Is RFID the solution to self-checkout hurdles in retail?

Opinions differ about self-scanners of goods in retail, both among consumers and experts. Some are fans because they reduce contact with sales staff and are generally faster, while others find them a source of frustration. Shoplifting is also lurking at self-scanning checkouts, which experts believe is actually a growing problem.

While self-scanning has primarily been introduced in grocery stores and some drugstores, it is also becoming increasingly common in fashion and sports stores. Take Uniqlo and Decathlon for example. At the Japanese fashion chain and the French sports retailer, customers no longer have to scan items – they simply place them in a container, whereupon the details of all the items appear on the screen in no time. Now all you have to do is pay and you’re done.

Self-scan or not? Thanks to RFID technology, things are now even smoother at Uniqlo and Decathlon

Self-service checkouts use RFID (Radio Frequency Identification). This means that customers no longer have to manually scan barcodes one at a time, but rather the computer scans the RFID labels when the items are placed in a container. RFID antennas have been installed within the self-service checkouts to facilitate self-scanning, a Uniqlo spokesperson told FashionUnited.

RFID (Radio Frequency Identification) is a technology that allows objects to be identified wirelessly as data is transmitted using radio waves. For it to work, you need an RFID chip (in this case in the clothing hangtag) and an RFID reader (in the cash register system).

A Decathlon spokesperson added that RFID technology is not always error-free. “Sometimes a product will not be scanned at the checkout if, for example, the RFID radiation is blocked by existing materials. If a product is not paid for, alarm bells go off.” Employees at the checkouts then check which item has not been paid for so that payment can still be made.

According to Decathlon, the RFID system has made it easier to prevent theft. “In the situation ‘I have two identical items, but I only scan one’, it is of course noticeable if customers intentionally leave an item outside the container.” The sports retailer also says that the staff working at the self-checkout is trained to deal with thefts, pointing out that they are not always committed intentionally, but also because the RFID waves can be blocked.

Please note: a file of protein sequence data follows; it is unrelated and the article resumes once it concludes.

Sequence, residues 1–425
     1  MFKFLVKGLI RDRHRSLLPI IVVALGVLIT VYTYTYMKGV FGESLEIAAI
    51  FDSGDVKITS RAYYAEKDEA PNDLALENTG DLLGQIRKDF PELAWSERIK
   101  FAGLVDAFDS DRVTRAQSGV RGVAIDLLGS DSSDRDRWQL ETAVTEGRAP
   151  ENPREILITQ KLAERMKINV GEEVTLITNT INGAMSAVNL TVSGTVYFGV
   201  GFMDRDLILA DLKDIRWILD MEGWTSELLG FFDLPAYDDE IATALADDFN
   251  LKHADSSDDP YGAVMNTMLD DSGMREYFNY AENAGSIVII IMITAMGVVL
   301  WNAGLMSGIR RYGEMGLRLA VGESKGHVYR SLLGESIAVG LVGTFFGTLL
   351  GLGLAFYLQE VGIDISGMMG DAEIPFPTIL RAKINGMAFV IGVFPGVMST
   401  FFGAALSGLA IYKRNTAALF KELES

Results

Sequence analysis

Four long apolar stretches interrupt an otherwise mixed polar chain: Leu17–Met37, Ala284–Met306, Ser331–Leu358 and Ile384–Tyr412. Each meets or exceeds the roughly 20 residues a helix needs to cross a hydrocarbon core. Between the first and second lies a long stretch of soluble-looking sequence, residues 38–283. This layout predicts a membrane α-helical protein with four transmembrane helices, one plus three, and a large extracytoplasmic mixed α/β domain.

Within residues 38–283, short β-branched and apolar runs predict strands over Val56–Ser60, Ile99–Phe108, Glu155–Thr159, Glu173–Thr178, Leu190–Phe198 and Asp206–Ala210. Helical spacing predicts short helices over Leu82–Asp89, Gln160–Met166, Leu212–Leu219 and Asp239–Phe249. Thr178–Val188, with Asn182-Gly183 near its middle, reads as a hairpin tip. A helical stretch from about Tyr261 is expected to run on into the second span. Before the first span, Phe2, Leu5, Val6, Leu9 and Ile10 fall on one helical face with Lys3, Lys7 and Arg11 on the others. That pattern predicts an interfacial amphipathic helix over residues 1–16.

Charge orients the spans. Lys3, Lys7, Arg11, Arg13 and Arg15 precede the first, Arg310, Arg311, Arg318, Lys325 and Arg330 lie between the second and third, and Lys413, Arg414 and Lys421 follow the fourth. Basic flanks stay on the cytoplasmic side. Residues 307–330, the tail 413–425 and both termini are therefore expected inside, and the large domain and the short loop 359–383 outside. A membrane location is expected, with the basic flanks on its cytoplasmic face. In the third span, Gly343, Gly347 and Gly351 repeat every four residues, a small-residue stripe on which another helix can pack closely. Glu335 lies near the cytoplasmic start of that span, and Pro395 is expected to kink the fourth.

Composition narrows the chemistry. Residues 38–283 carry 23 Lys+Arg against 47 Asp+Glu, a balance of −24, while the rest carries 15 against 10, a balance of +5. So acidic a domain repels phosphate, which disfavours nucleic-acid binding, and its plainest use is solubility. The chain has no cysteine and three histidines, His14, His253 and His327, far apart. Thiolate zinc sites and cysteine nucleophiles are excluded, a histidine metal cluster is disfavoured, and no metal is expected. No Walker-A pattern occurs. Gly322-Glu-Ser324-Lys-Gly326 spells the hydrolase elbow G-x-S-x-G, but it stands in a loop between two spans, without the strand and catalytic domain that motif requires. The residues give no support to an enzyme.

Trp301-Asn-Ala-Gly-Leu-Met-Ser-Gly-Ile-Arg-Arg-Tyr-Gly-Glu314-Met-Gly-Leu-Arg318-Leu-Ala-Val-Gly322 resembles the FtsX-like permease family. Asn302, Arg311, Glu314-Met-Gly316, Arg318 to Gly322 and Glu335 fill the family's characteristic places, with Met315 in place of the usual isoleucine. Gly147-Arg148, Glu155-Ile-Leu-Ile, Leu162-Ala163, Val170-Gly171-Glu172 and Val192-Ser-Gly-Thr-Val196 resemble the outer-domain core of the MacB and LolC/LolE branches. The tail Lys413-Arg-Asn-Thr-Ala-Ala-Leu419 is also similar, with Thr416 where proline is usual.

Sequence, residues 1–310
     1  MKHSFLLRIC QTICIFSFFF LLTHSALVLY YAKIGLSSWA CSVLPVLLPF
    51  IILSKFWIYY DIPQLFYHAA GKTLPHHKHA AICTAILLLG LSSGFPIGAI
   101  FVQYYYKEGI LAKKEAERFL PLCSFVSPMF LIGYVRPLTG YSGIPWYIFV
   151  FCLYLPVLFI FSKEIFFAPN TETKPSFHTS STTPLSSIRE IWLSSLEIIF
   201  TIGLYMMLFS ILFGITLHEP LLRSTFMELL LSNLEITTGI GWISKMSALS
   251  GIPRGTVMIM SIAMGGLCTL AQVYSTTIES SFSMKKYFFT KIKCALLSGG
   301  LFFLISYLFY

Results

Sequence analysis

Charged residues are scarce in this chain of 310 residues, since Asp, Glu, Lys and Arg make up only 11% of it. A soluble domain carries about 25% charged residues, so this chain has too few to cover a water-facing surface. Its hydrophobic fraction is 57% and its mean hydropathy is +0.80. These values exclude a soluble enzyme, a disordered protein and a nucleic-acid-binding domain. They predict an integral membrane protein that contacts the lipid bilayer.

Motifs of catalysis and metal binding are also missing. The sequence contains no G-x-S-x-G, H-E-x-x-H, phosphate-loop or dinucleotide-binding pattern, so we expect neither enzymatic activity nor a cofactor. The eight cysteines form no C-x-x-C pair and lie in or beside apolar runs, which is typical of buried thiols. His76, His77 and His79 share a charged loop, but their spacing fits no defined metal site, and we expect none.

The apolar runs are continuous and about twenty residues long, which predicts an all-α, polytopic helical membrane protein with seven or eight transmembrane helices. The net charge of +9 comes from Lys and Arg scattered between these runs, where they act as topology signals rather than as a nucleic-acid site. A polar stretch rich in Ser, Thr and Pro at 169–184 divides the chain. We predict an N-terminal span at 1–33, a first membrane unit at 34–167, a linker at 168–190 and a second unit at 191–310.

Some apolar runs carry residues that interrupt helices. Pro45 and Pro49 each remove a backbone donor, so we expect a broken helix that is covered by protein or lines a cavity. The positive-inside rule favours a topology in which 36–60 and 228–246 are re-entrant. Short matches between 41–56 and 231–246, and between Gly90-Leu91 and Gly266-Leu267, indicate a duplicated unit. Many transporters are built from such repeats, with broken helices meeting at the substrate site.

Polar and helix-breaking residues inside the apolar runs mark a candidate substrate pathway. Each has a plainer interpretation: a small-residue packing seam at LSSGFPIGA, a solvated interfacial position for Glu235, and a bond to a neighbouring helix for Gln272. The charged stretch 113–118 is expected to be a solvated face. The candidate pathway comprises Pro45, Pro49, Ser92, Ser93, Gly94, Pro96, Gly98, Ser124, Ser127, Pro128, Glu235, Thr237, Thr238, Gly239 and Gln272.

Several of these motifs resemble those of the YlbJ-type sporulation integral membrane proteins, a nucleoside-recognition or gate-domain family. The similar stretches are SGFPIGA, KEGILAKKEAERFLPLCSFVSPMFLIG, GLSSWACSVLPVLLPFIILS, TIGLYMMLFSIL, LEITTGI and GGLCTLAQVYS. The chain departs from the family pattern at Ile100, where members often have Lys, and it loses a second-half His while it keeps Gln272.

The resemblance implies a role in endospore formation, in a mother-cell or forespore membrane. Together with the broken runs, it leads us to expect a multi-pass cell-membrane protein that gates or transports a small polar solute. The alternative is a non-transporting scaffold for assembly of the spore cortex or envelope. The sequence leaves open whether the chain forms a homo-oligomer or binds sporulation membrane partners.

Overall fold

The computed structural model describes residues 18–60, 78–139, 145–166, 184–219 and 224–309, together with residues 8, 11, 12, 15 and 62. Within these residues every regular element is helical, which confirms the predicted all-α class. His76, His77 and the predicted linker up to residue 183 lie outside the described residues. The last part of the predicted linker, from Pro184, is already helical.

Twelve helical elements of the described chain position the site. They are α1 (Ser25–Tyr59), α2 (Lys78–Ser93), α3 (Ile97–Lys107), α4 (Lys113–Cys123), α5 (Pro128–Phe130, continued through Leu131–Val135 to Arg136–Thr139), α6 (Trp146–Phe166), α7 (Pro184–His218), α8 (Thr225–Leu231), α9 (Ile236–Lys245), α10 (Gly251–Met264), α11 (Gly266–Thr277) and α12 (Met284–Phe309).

According to Uniqlo, the system reduces waiting times at checkouts by around 50 percent. For those unfamiliar with the system, staff are always available to help customers. For Decathlon, the self-scanning system is also important to promote the “openness” the store strives for by allowing people to enter and exit the store easily.

Is self-scanning in fashion stores the future?

Hans van Tellingen, director of shopping center researcher Strabo and often quoted in the media as a retail expert, is cautiously positive. “That sounds pretty comfortable. “I think it’s an improvement that you don’t have to scan every item yourself,” he emphasizes. “In addition, with RFID in the shopping cart, the responsibility lies with the retailers and not with the consumers who scan themselves. You are then no longer liable.” Van Tellingen also sees this as something positive. “With other self-scanning checkouts, you still feel like you’re a thief when you’re asked to come out for a check. Now the responsibility for properly scanning products falls on retailers.”

Van Tellingen also points out that technological innovations cannot always be implemented in all businesses in the long term. Or maybe not in the way people expect. For example, the self-checkout system with RFID can also be used to make life easier for cashiers.

“That way you still have human interaction and someone can answer questions if needed, but RFID improves efficiency,” he says. He points out that technical innovations are good, but that doesn’t mean that they can be implemented one-to-one in stores. “Perhaps a scaled down version of this will be introduced, or there will always be the option to pay with human interaction.”

This article originally appeared on Translated and edited by Simone Preuss.